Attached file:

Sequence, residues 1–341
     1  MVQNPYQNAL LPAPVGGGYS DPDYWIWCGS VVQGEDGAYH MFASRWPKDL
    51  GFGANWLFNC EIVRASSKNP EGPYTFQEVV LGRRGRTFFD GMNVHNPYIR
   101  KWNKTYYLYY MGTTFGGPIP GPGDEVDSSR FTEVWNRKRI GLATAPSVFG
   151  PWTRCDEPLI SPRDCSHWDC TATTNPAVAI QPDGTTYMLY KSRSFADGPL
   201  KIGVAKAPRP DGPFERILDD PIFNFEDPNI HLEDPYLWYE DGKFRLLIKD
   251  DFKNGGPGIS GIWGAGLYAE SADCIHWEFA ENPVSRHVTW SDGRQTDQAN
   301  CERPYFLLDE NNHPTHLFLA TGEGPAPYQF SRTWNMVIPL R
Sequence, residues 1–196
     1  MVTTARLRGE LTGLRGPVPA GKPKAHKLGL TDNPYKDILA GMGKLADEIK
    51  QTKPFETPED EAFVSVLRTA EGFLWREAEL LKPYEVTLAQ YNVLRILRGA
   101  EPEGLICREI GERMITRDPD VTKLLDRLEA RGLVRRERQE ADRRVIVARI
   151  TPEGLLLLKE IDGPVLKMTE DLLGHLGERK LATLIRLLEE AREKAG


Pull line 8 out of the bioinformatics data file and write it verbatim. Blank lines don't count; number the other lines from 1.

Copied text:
   301  CERPYFLLDE NNHPTHLFLA TGEGPAPYQF SRTWNMVIPL R